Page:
Do the films and shows we watch have a responsibility to be realistic? As a former superfan of The Hills, I’m well aware that keeping it real isn’t a prerequisite — remember the original 2010 series finale? As I watched the camera pan out to Brody Jenner standing on a soundstage, I was rocked to my core. I didn’t think that the MTV classic was a Big Brother-style live feed of Lauren Conrad’s L.A. apartment, but even with contrived plots here and there, I still expected producers would try to make the show as real as possible. After all, it is a reality show. The unabashedly staged ending proved that wasn’t the case.
I have a similar gripe with the new on-screen adaptation of Lin-Manuel Miranda’s musical In The Heights. Since it came out last week, it’s attracted an onslaught of criticism for the lack of dark-skinned Afro-Latinx characters with speaking roles. By leaving out Washington Heights’ often-overlooked dark skinned demographic in favour of white-passing actors, many believed the movie perpetuated the deep-seated colourism in Latinx communities.
Once the uproar made its way to Twitter, Lin-Manuel Miranda apologized. Granted, this is a musical with ensemble numbers taking place on the streets of NYC so I’m well aware that there’s an element of fantasy. But like Lauren Conrad and co., it’s hard to buy the story knowing the glaring departure from reality. In the Heights was supposed to be a beacon for Latinx representation in Washington Heights but it fell short. I wouldn’t say that artists have a responsibility to be ultra-realistic or even relatable, but at the very least we should expect honesty. It’s not lost on me that The Hills finale was a very smart commentary on reality TV as we know it, but like In the Heights, it did the audience a disservice by misrepresenting what it was claiming to be.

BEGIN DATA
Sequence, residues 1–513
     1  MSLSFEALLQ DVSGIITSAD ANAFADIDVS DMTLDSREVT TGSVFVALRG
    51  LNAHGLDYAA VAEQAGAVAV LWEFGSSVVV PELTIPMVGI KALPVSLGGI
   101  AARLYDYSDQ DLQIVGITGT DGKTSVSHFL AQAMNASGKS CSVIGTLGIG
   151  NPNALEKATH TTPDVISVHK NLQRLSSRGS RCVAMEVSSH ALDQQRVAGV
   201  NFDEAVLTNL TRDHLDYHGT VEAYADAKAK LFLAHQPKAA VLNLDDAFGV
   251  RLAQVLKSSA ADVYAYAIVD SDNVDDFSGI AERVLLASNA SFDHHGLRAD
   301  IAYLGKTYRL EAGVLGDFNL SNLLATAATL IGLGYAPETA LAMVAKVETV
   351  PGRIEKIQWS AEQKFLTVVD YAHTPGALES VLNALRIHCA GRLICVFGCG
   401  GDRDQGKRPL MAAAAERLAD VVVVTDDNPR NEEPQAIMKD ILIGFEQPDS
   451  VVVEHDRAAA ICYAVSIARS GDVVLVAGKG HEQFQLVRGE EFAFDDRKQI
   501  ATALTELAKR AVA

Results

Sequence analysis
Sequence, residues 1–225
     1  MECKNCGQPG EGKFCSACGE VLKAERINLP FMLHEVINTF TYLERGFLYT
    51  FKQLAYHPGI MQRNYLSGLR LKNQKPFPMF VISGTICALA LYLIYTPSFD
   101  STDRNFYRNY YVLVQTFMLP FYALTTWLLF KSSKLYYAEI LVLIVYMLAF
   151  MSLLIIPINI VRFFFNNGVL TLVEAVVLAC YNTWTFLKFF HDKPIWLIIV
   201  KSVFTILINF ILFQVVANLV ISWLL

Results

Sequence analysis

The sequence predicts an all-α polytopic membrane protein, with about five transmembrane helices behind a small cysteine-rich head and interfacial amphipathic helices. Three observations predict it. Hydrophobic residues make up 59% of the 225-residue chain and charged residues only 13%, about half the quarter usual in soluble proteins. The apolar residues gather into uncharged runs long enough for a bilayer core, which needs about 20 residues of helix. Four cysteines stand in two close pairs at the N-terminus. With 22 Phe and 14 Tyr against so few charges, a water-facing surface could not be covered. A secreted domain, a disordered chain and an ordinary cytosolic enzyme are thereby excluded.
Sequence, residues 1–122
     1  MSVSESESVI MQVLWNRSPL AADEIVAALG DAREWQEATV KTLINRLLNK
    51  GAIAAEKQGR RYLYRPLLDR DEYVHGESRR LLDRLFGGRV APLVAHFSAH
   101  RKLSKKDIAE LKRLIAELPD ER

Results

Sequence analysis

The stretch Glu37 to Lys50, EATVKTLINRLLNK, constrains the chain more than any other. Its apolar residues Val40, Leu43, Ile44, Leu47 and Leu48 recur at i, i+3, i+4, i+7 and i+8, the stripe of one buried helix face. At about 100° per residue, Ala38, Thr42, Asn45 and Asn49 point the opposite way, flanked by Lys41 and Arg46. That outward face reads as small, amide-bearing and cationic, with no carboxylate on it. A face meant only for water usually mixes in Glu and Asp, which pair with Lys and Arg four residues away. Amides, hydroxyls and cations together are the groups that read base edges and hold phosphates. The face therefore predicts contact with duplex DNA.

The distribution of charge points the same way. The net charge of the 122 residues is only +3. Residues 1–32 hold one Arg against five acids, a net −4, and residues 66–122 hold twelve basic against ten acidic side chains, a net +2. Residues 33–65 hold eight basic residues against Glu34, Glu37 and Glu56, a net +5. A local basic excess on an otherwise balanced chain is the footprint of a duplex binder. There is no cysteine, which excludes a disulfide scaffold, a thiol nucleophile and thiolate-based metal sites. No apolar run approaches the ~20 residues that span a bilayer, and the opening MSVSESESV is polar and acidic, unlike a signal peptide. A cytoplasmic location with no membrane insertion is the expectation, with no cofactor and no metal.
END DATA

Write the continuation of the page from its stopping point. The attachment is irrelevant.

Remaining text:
This week’s latest drops on Netflix Canada range from fantastical, like Spider-Man: Far From Home, to supernatural, like Manifest, to swoon-worthy, like The Sun Is Also a Star, but even as they veer away from reality (TBH a meet cute with Charles Melton has to be pure fiction) they don’t lose their grips on honesty. Read on for what to watch this weekend.